Penn's Abramson Cancer Center - medical breakthrough
Involves modified "t" cells
Did you know…
that researchers from Penn's Abramson Cancer Center and Perelman School of Medicine have made a cancer treatment breakthrough involving modified t cells? The team of doctors and scientists has shown sustained remissions of up to a year among a small group of advanced chronic lymphocytic leukemia patients treated with genetically engineered versions of their own T cells as a follow up to chemotherapy. The findings, published in the New England Journal of Medicine and Science Translational Medicine, are the first demonstration of the use of gene transfer therapy to create "serial killer" T cells aimed at cancerous tumors.
"Within three weeks, the tumors had been blown away, in a way that was much more violent than we ever expected," said Carl June, MD, director of Translational Research and a professor of Pathology and Laboratory Medicine in the Abramson Cancer Center, who led the work. "It worked much better than we thought it would."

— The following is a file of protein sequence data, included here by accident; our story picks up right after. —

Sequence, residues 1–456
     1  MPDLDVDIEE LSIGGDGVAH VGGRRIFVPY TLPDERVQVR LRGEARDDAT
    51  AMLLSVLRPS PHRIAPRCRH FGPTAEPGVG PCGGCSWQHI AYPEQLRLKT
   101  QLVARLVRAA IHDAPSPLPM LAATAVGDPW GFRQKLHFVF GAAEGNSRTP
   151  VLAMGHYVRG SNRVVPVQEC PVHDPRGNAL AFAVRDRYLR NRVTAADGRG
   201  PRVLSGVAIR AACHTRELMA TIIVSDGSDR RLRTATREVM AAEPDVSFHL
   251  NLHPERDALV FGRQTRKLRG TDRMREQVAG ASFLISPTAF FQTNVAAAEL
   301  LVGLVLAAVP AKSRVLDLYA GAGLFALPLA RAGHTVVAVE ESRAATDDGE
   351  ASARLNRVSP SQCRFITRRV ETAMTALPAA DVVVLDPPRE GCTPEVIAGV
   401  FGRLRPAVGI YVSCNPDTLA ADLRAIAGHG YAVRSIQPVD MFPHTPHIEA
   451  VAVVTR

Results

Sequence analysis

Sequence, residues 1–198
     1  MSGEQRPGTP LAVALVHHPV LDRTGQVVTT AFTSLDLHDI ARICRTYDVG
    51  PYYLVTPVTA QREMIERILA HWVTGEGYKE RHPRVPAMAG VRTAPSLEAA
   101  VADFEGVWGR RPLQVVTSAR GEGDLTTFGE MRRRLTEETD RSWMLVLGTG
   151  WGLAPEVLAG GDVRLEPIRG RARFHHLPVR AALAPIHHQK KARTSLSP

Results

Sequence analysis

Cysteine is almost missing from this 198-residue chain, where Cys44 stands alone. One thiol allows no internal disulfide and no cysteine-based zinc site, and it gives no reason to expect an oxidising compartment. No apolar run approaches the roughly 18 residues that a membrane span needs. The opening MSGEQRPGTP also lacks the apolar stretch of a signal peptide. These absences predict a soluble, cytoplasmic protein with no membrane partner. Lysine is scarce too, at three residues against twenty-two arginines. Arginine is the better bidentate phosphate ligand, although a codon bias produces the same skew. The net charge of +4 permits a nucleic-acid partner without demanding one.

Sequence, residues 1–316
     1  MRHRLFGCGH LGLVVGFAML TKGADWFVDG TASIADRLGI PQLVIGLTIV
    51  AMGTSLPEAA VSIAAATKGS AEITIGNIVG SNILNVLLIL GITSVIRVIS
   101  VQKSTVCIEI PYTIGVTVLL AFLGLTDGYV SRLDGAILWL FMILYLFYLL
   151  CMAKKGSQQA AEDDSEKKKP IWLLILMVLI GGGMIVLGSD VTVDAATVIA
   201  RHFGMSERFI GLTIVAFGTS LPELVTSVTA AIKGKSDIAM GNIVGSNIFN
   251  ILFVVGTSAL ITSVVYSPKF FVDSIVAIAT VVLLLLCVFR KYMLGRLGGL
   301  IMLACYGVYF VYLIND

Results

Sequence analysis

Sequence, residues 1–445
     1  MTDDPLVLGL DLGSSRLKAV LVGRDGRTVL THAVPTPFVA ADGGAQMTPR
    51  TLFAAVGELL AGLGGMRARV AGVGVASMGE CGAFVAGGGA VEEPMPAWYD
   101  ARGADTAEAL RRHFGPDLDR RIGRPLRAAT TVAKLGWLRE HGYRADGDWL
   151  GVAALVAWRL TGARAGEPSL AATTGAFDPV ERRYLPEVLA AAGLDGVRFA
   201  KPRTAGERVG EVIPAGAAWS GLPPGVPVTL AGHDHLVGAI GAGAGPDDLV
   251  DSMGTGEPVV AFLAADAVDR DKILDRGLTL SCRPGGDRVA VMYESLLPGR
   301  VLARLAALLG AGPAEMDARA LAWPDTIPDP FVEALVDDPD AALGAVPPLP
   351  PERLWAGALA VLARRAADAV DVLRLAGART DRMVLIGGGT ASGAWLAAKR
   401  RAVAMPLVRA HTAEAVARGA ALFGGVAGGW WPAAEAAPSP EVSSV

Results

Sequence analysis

The research team is hopeful that this advance in cancer medicine will help to provide a tumor-attack roadmap for the treatment of other cancers including those of the lung and ovaries and myeloma and melanoma.
Visit the Perelman School of Medicine press release page for more detail information about this breakthrough.